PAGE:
It also includes supervised drug consumption sites, which Gov. Gavin Newsom recently shot down when he vetoed a bill to allow pilot programs in San Francisco and two other cities.

Dorsey said he’s a huge advocate for abstinence-based treatment, but he supports supervised consumption sites — and addressing resident concerns that sites won’t be magnets for drug activity — because “abstinence-based recovery only works when you’re alive.”

Tuesday’s press conference touched on a debate about whether San Francisco’s harm reduction policy — reducing risks for people who use drugs — is working. Some advocates and officials argue that the current approach is failing and the city should fund more programs to help people get sober, sometimes without offering medication. Members of a group that’s critical of harm reduction strategies, Mothers Against Drug Deaths, were present at Tuesday’s event.

National studies for decades have shown that abstinence techniques are less effective than medication-assisted treatment, with failure rates of at least 75% versus 40% to 60%.

Stefani said the city should continue investing in harm reduction such as needle exchange programs, but it needs more treatment options.

“We must accept that the disease of addiction is not a free license to use on the streets until you kill yourself or seriously harm someone else,” Stefani said. “We cannot continue to enable people to their deaths and create miserable conditions for others living in this city.”

The city’s head of behavioral health previously stressed that the health department was open to suggestions, although state law requires medication-assisted treatment to be offered at rehab facilities to get funding.

Sara Shortt, who sits on a city mental health committee, said it’s not fair to say that harm reduction has failed since it’s not properly funded.

“(Treatment) should be on-demand, low-barrier, affordable, easy to access and plentiful and we’d see a sea change in the number of folks who are recovering from substance use disorder and the number of overdose deaths,” she said.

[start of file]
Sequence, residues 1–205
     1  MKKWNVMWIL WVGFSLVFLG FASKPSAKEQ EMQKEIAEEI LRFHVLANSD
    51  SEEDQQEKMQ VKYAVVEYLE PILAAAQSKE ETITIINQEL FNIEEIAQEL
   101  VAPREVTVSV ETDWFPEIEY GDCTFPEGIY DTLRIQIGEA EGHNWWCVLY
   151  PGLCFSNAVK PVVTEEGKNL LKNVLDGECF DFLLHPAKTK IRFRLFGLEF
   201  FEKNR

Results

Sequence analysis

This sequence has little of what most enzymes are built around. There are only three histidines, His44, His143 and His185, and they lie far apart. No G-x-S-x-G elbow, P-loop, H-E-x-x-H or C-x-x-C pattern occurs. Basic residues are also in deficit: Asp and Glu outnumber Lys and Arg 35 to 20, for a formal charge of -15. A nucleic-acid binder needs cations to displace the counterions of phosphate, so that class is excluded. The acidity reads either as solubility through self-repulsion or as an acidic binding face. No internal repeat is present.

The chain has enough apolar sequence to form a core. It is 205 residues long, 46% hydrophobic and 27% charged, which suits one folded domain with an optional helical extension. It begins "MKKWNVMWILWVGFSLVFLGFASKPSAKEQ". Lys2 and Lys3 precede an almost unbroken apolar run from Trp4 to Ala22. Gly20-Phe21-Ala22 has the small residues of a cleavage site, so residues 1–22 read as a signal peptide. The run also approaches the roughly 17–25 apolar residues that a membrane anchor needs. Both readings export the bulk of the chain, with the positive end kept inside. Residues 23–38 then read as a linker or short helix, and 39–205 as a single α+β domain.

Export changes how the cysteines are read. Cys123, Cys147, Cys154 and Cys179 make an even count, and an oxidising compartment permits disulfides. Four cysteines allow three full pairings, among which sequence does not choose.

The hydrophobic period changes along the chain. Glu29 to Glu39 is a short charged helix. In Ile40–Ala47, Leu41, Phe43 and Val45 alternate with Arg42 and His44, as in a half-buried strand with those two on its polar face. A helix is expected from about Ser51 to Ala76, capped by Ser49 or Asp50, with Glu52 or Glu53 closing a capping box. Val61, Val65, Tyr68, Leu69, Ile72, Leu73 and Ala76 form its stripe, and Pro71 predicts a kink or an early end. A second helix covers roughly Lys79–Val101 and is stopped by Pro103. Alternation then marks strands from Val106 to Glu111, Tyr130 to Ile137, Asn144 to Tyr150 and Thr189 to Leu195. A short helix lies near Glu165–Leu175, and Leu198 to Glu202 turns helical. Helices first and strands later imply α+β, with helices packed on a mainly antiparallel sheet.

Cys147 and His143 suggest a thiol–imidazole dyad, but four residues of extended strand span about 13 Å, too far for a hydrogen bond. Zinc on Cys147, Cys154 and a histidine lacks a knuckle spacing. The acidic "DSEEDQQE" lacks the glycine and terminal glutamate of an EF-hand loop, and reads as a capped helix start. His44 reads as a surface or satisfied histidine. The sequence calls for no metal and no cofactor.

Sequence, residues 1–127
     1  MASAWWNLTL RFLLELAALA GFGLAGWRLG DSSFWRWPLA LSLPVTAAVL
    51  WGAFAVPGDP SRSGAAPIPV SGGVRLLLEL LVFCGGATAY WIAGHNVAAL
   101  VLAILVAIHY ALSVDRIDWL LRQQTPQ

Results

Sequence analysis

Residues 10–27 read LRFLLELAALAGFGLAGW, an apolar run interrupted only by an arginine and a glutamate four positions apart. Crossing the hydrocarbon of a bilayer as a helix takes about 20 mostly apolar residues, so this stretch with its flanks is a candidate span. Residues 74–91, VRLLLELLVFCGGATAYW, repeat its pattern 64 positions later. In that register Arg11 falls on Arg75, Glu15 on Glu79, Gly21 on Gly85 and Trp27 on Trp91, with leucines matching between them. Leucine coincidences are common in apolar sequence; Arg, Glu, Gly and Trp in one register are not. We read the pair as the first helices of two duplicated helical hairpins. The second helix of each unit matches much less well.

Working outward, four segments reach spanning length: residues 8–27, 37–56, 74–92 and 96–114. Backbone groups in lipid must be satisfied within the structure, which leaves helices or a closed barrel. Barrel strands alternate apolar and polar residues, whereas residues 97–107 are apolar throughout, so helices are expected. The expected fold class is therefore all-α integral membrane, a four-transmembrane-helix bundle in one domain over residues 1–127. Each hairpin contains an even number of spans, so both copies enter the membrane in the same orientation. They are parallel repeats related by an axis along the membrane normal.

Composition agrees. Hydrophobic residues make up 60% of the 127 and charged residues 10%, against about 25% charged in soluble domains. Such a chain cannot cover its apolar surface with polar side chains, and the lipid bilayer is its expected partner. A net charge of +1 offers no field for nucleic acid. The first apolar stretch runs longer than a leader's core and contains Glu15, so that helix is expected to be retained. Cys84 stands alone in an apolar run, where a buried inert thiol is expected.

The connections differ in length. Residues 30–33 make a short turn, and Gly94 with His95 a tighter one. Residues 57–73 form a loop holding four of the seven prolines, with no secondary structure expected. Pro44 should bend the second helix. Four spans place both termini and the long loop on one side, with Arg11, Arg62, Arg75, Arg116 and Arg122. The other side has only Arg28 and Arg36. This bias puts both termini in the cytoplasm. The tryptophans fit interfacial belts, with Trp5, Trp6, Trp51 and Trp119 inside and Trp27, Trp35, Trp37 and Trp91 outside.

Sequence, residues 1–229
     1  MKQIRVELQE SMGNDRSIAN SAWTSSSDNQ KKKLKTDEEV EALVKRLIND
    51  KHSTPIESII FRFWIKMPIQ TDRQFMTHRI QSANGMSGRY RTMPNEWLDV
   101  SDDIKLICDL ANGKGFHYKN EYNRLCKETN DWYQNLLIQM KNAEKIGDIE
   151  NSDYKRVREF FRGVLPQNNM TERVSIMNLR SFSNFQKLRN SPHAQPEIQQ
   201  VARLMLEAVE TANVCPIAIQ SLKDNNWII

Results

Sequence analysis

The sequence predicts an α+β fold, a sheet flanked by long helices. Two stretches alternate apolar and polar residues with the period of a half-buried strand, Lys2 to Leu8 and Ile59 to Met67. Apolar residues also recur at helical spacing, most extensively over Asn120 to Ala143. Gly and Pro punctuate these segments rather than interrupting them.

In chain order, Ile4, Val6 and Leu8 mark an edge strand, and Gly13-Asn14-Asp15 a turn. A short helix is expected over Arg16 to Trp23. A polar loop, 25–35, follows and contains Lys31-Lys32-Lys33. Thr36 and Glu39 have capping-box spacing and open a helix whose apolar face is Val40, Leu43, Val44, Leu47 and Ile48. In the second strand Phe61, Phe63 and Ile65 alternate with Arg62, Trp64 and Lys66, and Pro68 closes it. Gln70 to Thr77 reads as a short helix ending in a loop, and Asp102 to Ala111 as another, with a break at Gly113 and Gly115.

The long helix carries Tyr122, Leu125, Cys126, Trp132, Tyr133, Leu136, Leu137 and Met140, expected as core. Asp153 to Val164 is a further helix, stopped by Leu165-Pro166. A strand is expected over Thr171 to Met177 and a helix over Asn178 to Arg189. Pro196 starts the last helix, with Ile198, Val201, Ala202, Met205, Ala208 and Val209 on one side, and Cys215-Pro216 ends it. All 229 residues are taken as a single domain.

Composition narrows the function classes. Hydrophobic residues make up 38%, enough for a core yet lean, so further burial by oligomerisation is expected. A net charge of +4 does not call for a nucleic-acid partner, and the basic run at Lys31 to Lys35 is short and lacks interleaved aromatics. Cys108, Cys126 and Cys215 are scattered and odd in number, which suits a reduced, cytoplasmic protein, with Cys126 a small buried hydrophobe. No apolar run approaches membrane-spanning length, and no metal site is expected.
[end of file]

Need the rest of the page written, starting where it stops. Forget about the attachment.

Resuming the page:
Criminal justice strategies in the plan aim to target open-air drug markets through community-based interventions, such as offering alternative employment, but not necessarily through more arrests and incarceration. Dorsey proposed that people arrested for drug dealing would be released on geo-fenced ankle monitors and then subject to search and seizure instead of being rearrested.

It would also add more sober-living environments for people coming out of jail and fall-back options if they continue to use.

“Sober New Deal” programs include job training for people in recovery that could stabilize them and also address understaffing in drug counseling and treatment programs.

The resolution would also implement all recommendations from the city’s street-level drug dealing task force, including harsher consequences on repeat drug dealers without substance use problems and a 24/7 treatment center.

As a potential funding source, the resolution points to the city’s legal settlements in opioid lawsuits worth more than $100 million. The board can determine how to spend those dollars earmarked to fight the opioid crisis.

It wasn’t immediately clear how the supervisors’ plan would prove more effective than Breed’s Tenderloin emergency, especially when her officials cited similar studies about European successes when asked about their approach.

According to data and residents, the emergency led to more people in shelters and cleaner streets, but not a significant change in drug activity. Breed sent more officers to the neighborhood only after the emergency ended, citing staffing issues, but police significantly increased drug citations after a new district attorney entered office. Critics have accused Breed of reigniting the war on drugs.

The centerpiece of the emergency — a drop-in center in UN Plaza — had coaxed few people struggling with drug use into treatment after three months. The center will close at year’s end.

Dorsey said any plan to address drug overdoses should be citywide and sustained. It should also be backed by political consensus.

“The main lesson of the Tenderloin emergency is that the place where there is going to be political rancor, if there is going to be any, is the Board of Supervisors, so that’s where we should start,” he said.

Mallory Moench (she/her) is a San Francisco Chronicle staff writer. Email: Twitter:@mallorymoench